Crows On Poles

Beginning to get the message.

Michael had been navigating using the road map they always carried in the boot of the car. Occasionally, ‘the mother’ would shout out contradictory directions and always, Michael followed hers. They were getting closer and the closer they got, the heavier their forebodings became. They had not seen any signs of the leathers for some miles but had seen some huge gatherings of crows and ravens. They blotted in the air, a warning of something past or yet to come.

When they reached a small T junction, Mother and son were amazed to see the fresh tyre tracks lining the surface. A sign told them that the village of  Hepley was just one and a half miles away whilst the one pointing to the right indicated that Ravenshead was another ten. 

“I have a feeling,” Laura said, “I have the strangest feeling that the people who were in that car are now in danger.”

“I do too mum. Look over there.”

Laura followed her son’s finger and saw a huge swarm of large black birds circling and falling to the earth. They had found something. Laura swung Brian’s wheel to the right knowing that it could be a costly mistake. 

They travelled on for maybe a mile and then found the place where the car had left the road, Manic skid marks led to the gaping wound in a wall. Some of the stones were marked with paint that had been scraped off and the ground showed evidence of the crash with shards of glass, body trimming and part of a bumper testimony to the event. Brian was eased to a halt.

“Looks like they crashed through there. By the size of the tracks, it was a big vehicle,” surmised Michael.

Laura nodded without saying anything. She was more interested in the other tracks that emerged from the stand of trees to her left and disappeared through the gap in the wall. She counted about twelve pairs, but she could not be sure. There was a muttered, “No,” from ‘the mother’.

“Have you seen the footprints Michael?”

Michael had just noticed them and recognised what they were.

“Looks like our friends ran into some of the leathers. Be careful.”

Michael did not need to be told to be careful as he was already out of the car, walking over towards where the strangers vehicle had smashed through the wall. When he got there, he peered down the sharp slope, through the trees where a path had been bulldozed by the vehicle that was lying jammed between the banks of a stream whose waters were rushing in through the open doors and above the level of the seats. From here, he could see that the driver’s seat was empty, the door flung open, hanging askew from only one hinge.

“There’s a car down there but there doesn’t seem to be anybody in it. I’m going to check. Mum, keep a look out for anything suspicious.”

For Laura, it was all suspicious but she knew what he meant. She climbed out of the car leaving the keys engaged in the ignition. There was no sound coming from the nearby trees, no birdsong or anything, and this was more unnerving than the obvious signs of leathers, for Laura could see numerous rooks and crows sitting on the branches of the trees from which the things must have emerged.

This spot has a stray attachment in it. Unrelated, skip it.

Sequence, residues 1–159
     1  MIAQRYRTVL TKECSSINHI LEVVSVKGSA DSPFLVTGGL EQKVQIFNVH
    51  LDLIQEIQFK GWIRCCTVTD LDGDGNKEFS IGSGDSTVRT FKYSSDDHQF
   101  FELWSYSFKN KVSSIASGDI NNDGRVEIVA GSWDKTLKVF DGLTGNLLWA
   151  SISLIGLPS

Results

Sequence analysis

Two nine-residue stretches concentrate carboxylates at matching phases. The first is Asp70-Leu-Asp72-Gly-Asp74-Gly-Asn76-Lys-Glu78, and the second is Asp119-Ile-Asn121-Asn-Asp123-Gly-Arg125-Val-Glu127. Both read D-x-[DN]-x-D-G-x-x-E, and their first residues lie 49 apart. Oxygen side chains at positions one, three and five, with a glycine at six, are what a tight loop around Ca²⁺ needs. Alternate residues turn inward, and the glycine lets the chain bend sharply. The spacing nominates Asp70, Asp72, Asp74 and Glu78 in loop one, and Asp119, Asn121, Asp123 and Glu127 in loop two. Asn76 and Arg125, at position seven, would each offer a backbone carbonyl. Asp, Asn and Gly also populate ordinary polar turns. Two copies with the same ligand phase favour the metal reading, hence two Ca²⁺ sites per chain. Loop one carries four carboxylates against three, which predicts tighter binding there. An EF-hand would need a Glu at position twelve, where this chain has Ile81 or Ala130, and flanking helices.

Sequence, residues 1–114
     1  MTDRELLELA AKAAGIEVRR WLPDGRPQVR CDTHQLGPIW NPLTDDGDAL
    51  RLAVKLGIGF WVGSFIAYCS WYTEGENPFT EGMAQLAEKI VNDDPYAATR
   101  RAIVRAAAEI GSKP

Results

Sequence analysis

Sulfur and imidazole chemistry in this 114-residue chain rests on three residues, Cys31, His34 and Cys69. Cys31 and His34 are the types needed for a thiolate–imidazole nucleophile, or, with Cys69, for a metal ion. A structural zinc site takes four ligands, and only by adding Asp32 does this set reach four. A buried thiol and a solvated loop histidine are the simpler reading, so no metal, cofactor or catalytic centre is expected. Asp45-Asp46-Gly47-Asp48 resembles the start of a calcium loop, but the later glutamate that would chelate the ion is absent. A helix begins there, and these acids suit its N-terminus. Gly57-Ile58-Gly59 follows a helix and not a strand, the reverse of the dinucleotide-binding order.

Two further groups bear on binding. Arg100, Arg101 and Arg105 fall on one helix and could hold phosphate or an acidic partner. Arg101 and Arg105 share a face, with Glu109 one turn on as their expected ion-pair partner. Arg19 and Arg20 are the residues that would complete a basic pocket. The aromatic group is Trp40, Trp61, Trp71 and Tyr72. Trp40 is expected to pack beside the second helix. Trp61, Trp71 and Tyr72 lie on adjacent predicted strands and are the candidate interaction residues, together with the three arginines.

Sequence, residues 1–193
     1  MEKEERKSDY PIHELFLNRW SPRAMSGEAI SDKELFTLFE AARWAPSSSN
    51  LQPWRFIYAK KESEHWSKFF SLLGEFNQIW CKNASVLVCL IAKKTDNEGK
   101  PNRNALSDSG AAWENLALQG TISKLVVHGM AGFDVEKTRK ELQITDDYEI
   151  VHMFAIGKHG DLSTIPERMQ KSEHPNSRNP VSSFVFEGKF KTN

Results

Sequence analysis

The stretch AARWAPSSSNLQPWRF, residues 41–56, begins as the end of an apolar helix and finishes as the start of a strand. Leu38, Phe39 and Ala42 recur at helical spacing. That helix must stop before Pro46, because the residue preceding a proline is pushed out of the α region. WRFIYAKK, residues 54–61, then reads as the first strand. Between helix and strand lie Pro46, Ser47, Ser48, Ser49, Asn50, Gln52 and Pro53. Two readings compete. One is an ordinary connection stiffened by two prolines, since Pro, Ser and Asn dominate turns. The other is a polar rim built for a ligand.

Michael descended the slope quickly using broken trunks and branches for support. He slipped couple of times but was able to correct this with the aid of the surrounding foliage. When he reached the banks of the stream that was flowing at a furious rate, he understood fully what had occurred. He stepped in the icy flow and stepped carefully towards the open driver’s door. Once there, he noticed the marks left behind by a copious outpouring of blood. With this amount of blood loss, he could not imagine anybody surviving for long, especially not in these conditions.

The passenger door to the front and rear were hanging open too. Scattered on the back seats were sleeping bags, rucksacks and food. Whoever was in this vehicle left in a hurry, leaving behind all those things that were essential for short-term survival. Michael was sure that at least one of the travellers had not survived the initial accident whist the others, well anything might have happened to them.

“Michael,” it was his mother calling from above, “are you alright down there? Have you found anyone?”

“No. Just a car and there’s nobody in it.”

“Come back up then, I don’t like this.”

Michael did not like it either. Touching the car had been like touching a freshly dug grave. He started back up the slope, this time using the branches even more to aid his ascent.

“Let’s get going,” he said when he was back in the car. “Turn the car around and head back the way we came. I think some of them have already arrived and they’ve started the job a little earlier than planned. Laura drove on a little way to a wider stretch of the road and did a 180 degree turn. As they drove slowly past the scene of the accident, Laura internalised a prayer for the people who had been in the car.